By Michael E. Miller
By Ryan Yousefi
By Kyle Munzenrieder
By Sabrina Rodriguez
By Michael E. Miller
By Carlos Suarez De Jesus
By Luther Campbell
By Kyle Munzenrieder
Now the sewage has moved directly into the aquifer, and though it's not the primary one, that's small solace after a few years of drought. But the wastewater hasn't stopped moving. It wants to rise. County geologist Bertha Goldenberg of the Miami-Dade County Water and Sewer Department cannot explain where it's going or what happened to it. Will it seep into the sea and poison offshore marine life? Could it make it to the main drinking-water supply?
Facing alarming questions without satisfactory answers, the EPA had to respond. Unsurprisingly the agency decided not to shut down deep well injection in Florida; it is fearful of the lawsuits and howls of pain from taxpayers forced to sop up billions in costs for the agency's errors. Following the well-worn precept, “It's not what's legal, it's what can be legalized,' the EPA opted to alter the rules and allow for some contamination of underground sources of drinking water. Shit happens.
Currently the agency is taking public comment on two different alternatives for its rule change. Option number one requires that all sewage sent into the earth be given what the EPA calls “advanced treatment.” This high-level cleansing process would make the wastewater going into the aquifer clean enough to qualify for national drinking-water standards.
This option has both environmentalists and utilities enraged. Advanced treatment does not come cheap, and no one -- from utilities on down the line -- wants to pay. “What we're saying is this technology [deep well] is, has been, and continues to be more than viable,” insists Lisa Maxwell, a spokesperson for the Builders Association of South Florida, whose 700 members cover South Broward, Miami-Dade, and Monroe counties. “It happens to be sound, so to limit its use or to decree additional requirements that cause hardship on local utilities and utility departments really is not the way to go about this.”
Laughing, she promises hefty sewer bills will be needed if the EPA forces a multibillion-dollar retooling effort.
Environmentalists are no less incensed that the EPA is backtracking on the no-migration rule, after its safety assurances smoothed the way for this whole crisis in the first place. They believe current drinking-water laws aren't tough enough, and advanced treatment won't do the job. Of the 15,000 chemicals in highest use, less than 22 percent of them have undergone minimal tests for toxicity, points out Suzi Ruhl, president of the environmental group LEAF.
People are going to pay regardless, believes Ruhl, whether it's through illness or higher sewer bills. What particularly bothers her about the EPA's proposed change is that it doesn't give an incentive to treat and reuse the wastewater for non-drinking purposes, like watering golf courses. She believes such reuse is an important solution to dealing with the problem.
Option number two would allow the utilities to continue injecting as they have in the past, but to monitor the situation more closely. If they detect a health risk, they would be forced to stop. Although utilities and builders might find this more agreeable, they still are complaining it will be too expensive. Environmentalists argue that not only will the aquifer have to be treated by the spread of the sewage, but that left alone, it could reach the primary source of drinking water, the Biscayne aquifer.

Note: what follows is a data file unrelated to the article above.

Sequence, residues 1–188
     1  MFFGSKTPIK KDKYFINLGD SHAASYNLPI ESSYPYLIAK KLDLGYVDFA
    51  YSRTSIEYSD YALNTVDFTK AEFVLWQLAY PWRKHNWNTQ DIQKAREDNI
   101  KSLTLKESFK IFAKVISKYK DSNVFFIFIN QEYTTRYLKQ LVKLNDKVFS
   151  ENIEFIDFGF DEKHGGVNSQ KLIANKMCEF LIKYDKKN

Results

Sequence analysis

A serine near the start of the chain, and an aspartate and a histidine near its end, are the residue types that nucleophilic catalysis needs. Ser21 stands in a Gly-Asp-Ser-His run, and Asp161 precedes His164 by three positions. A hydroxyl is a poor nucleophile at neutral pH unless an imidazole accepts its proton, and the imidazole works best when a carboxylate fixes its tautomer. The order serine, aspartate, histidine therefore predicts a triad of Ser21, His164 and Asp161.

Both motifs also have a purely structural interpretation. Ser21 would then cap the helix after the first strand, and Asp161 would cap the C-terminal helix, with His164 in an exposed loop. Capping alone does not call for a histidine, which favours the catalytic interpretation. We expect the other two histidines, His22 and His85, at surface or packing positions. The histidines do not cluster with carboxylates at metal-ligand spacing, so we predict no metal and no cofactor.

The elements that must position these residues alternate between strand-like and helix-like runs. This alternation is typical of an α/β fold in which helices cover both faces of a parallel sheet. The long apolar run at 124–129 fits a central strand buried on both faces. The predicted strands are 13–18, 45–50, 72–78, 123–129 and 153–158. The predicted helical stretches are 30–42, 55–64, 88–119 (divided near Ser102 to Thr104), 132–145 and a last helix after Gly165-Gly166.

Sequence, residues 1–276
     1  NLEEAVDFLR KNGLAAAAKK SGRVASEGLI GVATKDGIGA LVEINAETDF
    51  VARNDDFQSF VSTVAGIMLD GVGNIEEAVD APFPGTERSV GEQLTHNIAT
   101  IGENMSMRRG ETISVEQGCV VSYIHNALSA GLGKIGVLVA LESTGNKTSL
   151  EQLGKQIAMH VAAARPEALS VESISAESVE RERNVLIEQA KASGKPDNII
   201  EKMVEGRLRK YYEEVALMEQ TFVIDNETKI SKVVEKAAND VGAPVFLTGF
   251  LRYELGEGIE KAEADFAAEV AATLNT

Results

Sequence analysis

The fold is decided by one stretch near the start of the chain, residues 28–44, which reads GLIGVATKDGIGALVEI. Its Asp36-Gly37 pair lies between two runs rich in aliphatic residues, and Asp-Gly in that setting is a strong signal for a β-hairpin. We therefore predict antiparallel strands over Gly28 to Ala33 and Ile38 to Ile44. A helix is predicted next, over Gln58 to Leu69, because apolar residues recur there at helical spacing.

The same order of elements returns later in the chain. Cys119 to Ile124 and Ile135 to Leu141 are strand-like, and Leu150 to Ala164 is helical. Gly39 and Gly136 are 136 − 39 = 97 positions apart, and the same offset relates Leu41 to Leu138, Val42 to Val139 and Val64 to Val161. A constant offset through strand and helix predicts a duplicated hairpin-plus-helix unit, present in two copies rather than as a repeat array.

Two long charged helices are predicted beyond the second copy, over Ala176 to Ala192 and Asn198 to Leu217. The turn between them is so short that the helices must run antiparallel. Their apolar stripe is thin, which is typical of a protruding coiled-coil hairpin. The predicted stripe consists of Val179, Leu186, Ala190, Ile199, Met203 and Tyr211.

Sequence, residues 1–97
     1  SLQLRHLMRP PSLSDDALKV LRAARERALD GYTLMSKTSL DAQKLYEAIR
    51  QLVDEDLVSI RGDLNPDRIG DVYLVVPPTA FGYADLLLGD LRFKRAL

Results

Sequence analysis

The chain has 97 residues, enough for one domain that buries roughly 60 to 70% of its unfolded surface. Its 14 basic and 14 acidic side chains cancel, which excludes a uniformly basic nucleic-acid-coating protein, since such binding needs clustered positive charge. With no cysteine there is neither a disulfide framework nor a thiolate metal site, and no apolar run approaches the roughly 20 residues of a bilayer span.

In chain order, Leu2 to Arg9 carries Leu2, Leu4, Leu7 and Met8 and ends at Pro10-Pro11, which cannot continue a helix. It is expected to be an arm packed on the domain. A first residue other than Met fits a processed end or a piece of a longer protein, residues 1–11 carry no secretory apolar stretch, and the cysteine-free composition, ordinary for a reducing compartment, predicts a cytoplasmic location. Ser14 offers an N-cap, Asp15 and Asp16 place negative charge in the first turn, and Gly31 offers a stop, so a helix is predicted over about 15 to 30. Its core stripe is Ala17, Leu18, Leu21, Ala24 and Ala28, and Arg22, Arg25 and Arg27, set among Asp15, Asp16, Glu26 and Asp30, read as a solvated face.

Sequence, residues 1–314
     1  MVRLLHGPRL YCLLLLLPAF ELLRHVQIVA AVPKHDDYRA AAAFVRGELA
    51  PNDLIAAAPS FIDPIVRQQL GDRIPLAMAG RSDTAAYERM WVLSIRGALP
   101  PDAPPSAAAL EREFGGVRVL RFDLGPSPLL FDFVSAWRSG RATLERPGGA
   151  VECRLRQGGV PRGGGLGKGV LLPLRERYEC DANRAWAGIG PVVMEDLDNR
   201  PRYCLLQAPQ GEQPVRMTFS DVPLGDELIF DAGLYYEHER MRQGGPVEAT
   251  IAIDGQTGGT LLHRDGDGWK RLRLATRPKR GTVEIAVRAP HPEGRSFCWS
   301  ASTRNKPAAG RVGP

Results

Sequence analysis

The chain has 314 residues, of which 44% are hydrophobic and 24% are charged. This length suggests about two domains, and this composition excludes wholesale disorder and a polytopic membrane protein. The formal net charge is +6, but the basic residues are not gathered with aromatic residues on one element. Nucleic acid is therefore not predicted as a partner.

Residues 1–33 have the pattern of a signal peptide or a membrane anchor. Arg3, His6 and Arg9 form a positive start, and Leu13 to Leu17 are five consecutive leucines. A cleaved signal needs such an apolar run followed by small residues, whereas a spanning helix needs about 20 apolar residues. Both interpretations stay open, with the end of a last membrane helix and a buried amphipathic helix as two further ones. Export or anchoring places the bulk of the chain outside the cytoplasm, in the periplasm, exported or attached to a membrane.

It's Monday, September 25. At a conference room in the Sheraton Biscayne Bay on Brickell Avenue, Alan Farago of the Sierra Club and Suzi Ruhl, president of LEAF, sell their fear of deep well injection to representatives of environmental groups and the foundations that fund them. Farago wants the organizations to join his crusade and help bankroll it.
Conspicuously absent is any staff from the National Audubon Society, arguably the wealthiest and most politically connected environmental organization in South Florida. Ruhl invited them. Audubon has a suite of offices directly across the street from the hotel and a staff of sixteen. Mark Kraus, National Audubon's deputy director for its Florida office, says it was not a snub; a hydrologist for the organization was slated to attend but fell ill. Some at the meeting suspect Audubon wants to avoid confronting problems with deep well injection. Audubon has been one of the biggest cheerleaders for the $7.8 billion Everglades restoration proposal. In order for it to work, the plan relies heavily on deep well injection technology -- and the same geological theories that might have failed with wastewater disposal.
A presentation to the assembled group by LEAF consultant Sydney Bacchus is long on enthusiasm and short on real data. Pictures of turtles with ghastly tumors are presented to shock, but there is no hard data to link them to deep well injection sewage. Talk of zones offshore, where leaking sewage has killed all marine life, must be investigated further before being passed off as a smoking gun. It's assertions such as these that help industry groups effectively dismiss LEAF as fearmongers. “They made a concerted effort to approach the EPA and scare them,” complains builders rep Lisa Maxwell.
On an issue as vital as this, where thorough science clearly is lacking and politics holds sway, both sides are actively trying to get the attention of the federal and state government any way they can. Public comment on the new EPA rule will be open until the end of October. LEAF's challenge to keep the water and sewer department from operating the last four wells at the South Miami-Dade facility is scheduled for December.